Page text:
Felony assault, or aggravated assault, is a more serious form of simple assault. Simple assault is defined as an intentional act that causes another person to fear that they will be subject to bodily harm or offensive contact. Assault charges require that the defendant have the intent to either harm or cause fear to another person. Assault cannot be charged for accidental actions. For an act to rise to the level of felony assault, the defendant’s actions must constitute a simple assault plus there must be an additional aggravating factor.
A few possible aggravating factors include:
Simple assault is usually considered to be a misdemeanor in most jurisdictions. Felony or aggravated assault on the other hand is a more serious crime and is punishable by stiffer penalties. Aggravated assault is classified as a felony in all jurisdictions. Some of the legal consequences of felony assault may include a combination of:
In addition to the above consequences, penalties for felony assault may increase with repeat offenses. Felony assault charges that involve acts of a sexual nature (“sexual assault”) may result in the defendant being placed on a sexual offender list. Rehabilitation programs such as anger management courses may be imposed by a judge according to their discretion.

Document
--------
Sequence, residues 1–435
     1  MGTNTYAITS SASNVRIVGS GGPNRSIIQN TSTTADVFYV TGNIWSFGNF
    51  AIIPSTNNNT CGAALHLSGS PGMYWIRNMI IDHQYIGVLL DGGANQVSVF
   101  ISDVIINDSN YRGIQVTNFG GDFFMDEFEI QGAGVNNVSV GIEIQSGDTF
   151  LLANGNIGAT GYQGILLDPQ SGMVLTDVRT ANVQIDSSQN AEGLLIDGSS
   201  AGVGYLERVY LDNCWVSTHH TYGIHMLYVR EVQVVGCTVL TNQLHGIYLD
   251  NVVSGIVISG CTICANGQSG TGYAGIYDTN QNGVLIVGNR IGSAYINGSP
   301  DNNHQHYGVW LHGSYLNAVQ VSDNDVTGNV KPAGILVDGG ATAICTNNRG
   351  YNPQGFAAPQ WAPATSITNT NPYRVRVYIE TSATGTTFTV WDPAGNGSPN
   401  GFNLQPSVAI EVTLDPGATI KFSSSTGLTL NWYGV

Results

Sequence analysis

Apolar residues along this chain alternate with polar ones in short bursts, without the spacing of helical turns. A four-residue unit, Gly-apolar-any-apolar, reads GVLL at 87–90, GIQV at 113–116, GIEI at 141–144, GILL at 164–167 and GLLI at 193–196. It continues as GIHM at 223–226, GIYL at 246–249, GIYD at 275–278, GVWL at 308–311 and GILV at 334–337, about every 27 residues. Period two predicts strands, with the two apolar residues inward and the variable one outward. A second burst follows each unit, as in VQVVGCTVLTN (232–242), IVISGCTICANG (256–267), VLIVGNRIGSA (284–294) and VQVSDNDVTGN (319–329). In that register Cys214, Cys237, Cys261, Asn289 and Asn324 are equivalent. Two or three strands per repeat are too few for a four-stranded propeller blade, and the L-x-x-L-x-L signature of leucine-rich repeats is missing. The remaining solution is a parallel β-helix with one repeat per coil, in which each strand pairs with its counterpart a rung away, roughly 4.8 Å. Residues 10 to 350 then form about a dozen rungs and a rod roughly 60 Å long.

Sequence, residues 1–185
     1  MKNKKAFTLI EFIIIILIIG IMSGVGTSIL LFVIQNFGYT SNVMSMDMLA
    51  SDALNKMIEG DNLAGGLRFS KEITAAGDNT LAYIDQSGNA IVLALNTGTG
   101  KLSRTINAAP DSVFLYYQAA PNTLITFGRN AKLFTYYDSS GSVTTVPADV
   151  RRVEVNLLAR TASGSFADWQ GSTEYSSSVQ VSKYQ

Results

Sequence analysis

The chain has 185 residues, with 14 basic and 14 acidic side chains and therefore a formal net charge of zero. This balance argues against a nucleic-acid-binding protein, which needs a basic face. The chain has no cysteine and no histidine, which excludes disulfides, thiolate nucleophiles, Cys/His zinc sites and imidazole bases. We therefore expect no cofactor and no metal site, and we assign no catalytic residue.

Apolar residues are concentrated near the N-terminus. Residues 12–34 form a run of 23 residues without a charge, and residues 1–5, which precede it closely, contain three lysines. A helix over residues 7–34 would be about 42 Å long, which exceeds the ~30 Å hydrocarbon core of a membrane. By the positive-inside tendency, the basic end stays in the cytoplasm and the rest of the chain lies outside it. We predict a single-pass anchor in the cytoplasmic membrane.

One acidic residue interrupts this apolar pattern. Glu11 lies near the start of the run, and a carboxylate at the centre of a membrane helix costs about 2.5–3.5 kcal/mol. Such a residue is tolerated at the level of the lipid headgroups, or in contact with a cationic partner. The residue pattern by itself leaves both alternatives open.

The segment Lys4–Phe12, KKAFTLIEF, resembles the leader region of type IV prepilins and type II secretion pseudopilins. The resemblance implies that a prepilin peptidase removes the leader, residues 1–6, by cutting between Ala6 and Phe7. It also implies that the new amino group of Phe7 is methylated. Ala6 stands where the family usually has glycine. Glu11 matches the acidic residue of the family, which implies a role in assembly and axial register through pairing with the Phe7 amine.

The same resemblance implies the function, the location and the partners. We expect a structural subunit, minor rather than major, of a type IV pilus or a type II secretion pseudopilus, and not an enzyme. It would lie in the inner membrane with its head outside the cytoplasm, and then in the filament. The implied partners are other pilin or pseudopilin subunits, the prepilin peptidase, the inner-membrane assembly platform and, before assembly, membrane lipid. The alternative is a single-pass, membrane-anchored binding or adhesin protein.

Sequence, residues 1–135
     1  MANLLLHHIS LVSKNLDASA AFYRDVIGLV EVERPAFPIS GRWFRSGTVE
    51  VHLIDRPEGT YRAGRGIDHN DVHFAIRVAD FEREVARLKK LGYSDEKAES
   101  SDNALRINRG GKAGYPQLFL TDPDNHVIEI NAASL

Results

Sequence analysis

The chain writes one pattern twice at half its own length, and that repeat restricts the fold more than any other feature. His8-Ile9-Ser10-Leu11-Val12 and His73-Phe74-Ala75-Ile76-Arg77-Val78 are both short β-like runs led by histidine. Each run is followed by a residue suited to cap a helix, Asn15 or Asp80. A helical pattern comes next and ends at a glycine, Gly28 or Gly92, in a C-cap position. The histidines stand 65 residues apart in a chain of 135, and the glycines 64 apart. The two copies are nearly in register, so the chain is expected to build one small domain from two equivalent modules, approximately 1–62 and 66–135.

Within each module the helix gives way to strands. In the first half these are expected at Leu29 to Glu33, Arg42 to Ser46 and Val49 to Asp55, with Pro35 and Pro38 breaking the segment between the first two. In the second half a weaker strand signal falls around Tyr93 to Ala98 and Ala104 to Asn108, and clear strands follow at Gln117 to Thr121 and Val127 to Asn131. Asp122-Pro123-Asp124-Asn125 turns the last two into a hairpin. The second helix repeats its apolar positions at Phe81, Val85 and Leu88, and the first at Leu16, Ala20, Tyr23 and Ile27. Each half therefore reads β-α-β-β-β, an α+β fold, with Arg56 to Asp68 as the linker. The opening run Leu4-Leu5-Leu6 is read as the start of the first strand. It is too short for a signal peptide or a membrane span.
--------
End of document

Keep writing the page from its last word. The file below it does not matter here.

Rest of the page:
Felony assault is a serious crime that can result in heavy penalties for the defendant. It can also result in the loss of many privileges such as voting or driving privileges. If you are facing felony assault charges, you have the right to an attorney, and it is advisable that you contact a criminal lawyer to represent you. There are several defenses to felony assault such as self-defense, necessity, etc. An experienced criminal lawyer can explain the elements of your case, identify possible defenses, and represent you in court.
Last Modified: 09-28-2017 11:47 AM PDTLaw Library Disclaimer
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